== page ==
Ireland 329 for 7 v England, Bangalore, 2011
Kevin O'Brien summoned what was then the fastest hundred in World Cup history as Ireland secured their greatest victory with a monumental three-wicket triumph against England in Bangalore. O'Brien swung to leg mightily and often to register a magnificent 113 off 63 deliveries and, although he was run out in the penultimate over, Ireland got home with five balls to spare.
Sri Lanka 313 for 7 v Zimbabwe, New Plymouth, 1992
Zimbabwe and Sri Lanka took advantage of the bare pitch and short boundaries at Pukekura Park as both sides reached 300 for the first time in a limited-overs international. Andy Flower scored an unbeaten 115 on his full international debut as Zimbabwe anticipated a second-ever World Cup win, but Sri Lanka became the first team to chase down 300-plus, guided there by old fox Arjuna Ranatunga.
Ireland 307 for 4 v Netherlands,
Ireland own three of the World Cup's six 300-plus run chases, two of them coming in their glorious 2011 campaign. Ryan ten Doeschate propped up Netherlands with his second hundred in the tournament before their innings ended bizarrely with four run outs in four balls. Ireland responded with Paul Stirling's 72-ball 101, but it was their more disciplined bowling and superior fielding which also held sway as they won with more than two overs in hand.
Ireland 307 for 6 v West Indies, Nelson, 2015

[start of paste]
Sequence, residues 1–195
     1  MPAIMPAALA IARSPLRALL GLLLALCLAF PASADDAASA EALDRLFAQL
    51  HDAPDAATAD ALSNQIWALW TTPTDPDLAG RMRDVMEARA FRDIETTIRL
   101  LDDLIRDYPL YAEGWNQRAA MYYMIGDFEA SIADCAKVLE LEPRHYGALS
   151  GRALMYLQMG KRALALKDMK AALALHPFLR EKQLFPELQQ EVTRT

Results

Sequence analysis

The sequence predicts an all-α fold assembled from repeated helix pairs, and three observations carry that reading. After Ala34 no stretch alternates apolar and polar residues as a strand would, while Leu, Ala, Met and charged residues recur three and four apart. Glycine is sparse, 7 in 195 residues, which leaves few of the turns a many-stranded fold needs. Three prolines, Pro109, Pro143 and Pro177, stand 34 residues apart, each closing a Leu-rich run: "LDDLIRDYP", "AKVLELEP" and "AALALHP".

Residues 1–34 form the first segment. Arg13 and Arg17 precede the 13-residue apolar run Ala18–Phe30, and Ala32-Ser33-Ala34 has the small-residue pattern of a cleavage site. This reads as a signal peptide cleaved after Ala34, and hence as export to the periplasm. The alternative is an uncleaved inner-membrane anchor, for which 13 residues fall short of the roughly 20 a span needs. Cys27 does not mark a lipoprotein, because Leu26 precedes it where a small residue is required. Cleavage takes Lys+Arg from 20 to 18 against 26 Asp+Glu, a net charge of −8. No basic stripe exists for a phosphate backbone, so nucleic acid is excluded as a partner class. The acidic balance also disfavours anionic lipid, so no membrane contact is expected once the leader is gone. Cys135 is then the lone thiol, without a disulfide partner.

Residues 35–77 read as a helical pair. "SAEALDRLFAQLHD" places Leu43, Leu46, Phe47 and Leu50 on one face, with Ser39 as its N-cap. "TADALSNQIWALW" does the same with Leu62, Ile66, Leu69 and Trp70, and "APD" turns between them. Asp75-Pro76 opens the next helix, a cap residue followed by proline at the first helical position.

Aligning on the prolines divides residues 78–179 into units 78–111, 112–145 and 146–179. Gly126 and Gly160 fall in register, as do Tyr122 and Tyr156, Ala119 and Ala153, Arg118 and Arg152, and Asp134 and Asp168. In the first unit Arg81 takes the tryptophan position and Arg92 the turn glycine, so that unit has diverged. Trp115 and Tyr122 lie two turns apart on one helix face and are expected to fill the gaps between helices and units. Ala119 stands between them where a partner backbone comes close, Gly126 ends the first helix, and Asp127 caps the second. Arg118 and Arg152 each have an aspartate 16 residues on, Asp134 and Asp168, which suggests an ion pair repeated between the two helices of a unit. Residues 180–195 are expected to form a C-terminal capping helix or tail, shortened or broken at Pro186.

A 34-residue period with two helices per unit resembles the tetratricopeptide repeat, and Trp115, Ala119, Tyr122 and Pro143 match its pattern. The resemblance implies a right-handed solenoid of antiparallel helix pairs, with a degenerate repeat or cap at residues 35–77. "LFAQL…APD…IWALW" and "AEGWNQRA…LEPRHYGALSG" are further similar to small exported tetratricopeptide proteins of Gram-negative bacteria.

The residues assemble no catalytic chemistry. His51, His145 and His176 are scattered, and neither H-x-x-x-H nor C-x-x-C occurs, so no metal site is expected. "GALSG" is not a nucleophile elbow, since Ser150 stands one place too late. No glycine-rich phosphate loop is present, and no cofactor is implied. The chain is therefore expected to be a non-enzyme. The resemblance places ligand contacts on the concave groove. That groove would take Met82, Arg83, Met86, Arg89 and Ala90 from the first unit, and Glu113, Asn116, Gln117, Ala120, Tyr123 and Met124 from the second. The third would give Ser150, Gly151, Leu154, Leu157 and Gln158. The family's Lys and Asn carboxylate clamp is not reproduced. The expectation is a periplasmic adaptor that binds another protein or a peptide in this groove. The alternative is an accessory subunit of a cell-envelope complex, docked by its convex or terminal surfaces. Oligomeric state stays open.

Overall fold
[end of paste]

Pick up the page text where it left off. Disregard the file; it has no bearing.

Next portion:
Ireland issued a two-finger salute towards the ICC's plans to reduce the World Cup to 10 teams as West Indies sleepwalked obligingly to defeat. Darren Sammy and Lendl Simmons rescued West Indies from 87 for 5, but their bowling was as flat as their top order as the adventurous Stirling, smooth Ed Joyce and nerveless Niall O'Brien coasted to the target of 305 efficiently with the loss of late wickets only causing brief uncertainty.
England 301 for 9 v West Indies, Bridgetown, 2007
A capacity crowd poured into Kensington Oval for Brian Lara's farewell to international cricket. If Lara disappointed, they were treated to one of the best matches of the World Cup as England completed a thrilling one-wicket win with one ball to spare. Kevin Pietersen's second World Cup century carried England to within touching distance and Paul Nixon, dubbed the Beaver for his busy eccentricity, edged England within touching distance.
David Hopps is the UK editor of ESPNcricinfo @davidkhopps